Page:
Sharing of giving and receiving health care
Opening my purse to pull out my reading glasses, I notice the small white nasal-spray bottle still encased in its clear plastic packaging. I’ve been carrying it for a few months now. Do I feel reassured seeing it there?
As a physician, I wonder if the chance is greater that I’ll one day use this bottle to save someone’s life than it is that I’ll rescue someone with CPR or the Heimlich maneuver.
It was 5:00 pm in the intensive-care unit, and my team and I had just wrapped up our interview with elderly Ms. Armijo, who was in critical condition after emergency abdominal surgery.
Exhausted after a long day, we headed for the door, the ICU machines and monitors beeping their goodbyes.
From behind us, Ms. Armijo called, “You know, the thing I’m really worried about is being all alone!”
I spun on my heel. She was trying to sit up in bed, fright radiating from every inch of her frail, failing body.
I’d thought that we’d covered
Leaving my office this evening, I see the white orchid’s last petal struggling to hold on. With its faded grey veins and withered brown edges, it looks like a bit of old, crumpled paper. Even the sunlight streaming through the window doesn’t brighten it. Tenderly, I reach down to touch its softness.
The touch transports me back to when I first met Shirley, who gave me the orchid. I remember it vividly.
Every month readers tell their stories — in 40 to 400 words — on a different healthcare theme.
A model or philosophy of primary care that is patient-centered, comprehensive, team-based, coordinated, accessible and focused on quality and safety. –Patient-Centered Primary Care Collaborative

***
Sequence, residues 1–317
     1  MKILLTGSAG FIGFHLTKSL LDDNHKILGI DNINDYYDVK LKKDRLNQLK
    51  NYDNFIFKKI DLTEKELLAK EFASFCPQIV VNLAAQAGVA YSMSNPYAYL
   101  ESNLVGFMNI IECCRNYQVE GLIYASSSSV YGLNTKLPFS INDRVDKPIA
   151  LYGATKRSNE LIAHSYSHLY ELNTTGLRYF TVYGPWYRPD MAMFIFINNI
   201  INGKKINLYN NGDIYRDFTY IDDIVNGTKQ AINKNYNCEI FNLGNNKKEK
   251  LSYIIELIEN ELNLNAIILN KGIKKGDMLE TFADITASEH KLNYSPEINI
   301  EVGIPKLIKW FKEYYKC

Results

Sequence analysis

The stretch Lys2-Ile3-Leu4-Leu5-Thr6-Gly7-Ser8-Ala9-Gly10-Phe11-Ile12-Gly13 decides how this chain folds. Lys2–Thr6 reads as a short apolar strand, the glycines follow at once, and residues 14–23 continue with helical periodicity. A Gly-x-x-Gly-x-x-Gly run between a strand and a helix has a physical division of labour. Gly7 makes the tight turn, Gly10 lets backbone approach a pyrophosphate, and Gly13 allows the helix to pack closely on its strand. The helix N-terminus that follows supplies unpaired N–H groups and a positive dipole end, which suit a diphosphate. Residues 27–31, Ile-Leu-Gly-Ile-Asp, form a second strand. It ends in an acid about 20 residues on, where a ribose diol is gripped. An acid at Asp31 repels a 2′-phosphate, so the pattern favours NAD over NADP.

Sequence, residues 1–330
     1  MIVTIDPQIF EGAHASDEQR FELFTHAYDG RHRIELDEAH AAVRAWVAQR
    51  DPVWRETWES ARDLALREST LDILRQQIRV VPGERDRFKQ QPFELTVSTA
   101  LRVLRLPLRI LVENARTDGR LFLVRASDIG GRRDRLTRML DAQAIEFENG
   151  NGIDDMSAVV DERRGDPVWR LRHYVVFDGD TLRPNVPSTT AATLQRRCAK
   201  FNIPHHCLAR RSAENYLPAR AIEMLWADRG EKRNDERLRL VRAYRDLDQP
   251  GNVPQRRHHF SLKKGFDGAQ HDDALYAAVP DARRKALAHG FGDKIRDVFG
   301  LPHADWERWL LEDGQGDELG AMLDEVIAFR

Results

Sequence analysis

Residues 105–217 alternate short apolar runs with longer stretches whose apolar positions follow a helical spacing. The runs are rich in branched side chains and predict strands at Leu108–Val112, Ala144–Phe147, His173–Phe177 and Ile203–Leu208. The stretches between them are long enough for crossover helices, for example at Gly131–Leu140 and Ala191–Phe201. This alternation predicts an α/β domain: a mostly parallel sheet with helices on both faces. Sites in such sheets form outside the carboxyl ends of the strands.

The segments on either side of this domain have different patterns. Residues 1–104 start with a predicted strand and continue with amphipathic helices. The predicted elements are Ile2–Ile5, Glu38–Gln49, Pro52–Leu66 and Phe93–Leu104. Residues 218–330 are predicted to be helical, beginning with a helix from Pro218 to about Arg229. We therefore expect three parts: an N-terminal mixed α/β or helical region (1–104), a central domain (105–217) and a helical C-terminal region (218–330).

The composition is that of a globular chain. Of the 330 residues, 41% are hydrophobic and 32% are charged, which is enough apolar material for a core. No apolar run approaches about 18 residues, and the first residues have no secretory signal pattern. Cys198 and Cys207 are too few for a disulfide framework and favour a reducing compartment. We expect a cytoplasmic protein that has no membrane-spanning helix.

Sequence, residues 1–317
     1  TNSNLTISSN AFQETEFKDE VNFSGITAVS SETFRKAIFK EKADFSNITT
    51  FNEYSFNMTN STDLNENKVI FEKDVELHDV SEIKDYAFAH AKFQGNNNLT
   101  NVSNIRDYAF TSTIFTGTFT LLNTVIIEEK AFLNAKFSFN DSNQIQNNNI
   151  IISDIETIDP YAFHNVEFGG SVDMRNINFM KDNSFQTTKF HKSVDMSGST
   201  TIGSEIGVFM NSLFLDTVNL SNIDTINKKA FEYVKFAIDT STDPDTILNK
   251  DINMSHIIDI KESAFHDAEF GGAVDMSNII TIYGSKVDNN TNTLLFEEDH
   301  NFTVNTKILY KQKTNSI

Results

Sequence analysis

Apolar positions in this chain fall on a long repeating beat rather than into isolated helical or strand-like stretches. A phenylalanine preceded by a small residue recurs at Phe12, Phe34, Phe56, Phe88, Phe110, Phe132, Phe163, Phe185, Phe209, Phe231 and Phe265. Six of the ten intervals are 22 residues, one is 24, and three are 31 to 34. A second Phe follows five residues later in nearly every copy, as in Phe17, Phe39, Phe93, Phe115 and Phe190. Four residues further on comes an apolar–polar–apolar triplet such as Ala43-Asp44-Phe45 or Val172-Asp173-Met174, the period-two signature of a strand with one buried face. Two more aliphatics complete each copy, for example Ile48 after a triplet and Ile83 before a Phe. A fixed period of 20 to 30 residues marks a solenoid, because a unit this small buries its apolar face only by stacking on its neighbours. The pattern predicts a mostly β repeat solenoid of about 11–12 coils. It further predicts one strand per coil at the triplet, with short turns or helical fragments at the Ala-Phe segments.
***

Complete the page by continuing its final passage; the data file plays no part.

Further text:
It’s a philosophy
not a place.
I get it.
Certainly we never used that term
to describe what we offered
there in the broken heart of the city
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Felipe’s Story: “I’m going to the U.S. I’m going to see who detained the clouds and how they detained them.”
“There was a time [in Mexico] that it didn’t rain and there wasn’t a lot to eat in the country. There were no crops. People started to say that the Americans stopped the clouds so it wouldn’t rain, because they are very powerful. I said, I’m going to meet these Americans — I’m going to go to the U.S. I’m going to see who detained the clouds and how they detained them. I was about 15.”
“[Hubo] un tiempo que no llovía y no había mucho que comer en el campo. No hubo cosechas. Empezaron a contar los señores que los Americanos detuvieron las nubes para que no lloviera porque son muy poderosos. Dije, voy a conocer los Estados Unidos. Voy a ver quienes son los que detienen las nubes, como las detienen. Tenía como 15 años.”
“I tell [my children], you don’t have to do anything for me, just go to school and do what you have to do. On the weekend I take them to the mosque, because jeu can learn Arabic and all that. And I just want them to study. That’s all. That’s the main thing. If you want to be someone tomorrow, you have to work hard right now.
I want them to be better than me. I’m here, stuck. I cannot do the work that I want to do because I don’t have the degree for it,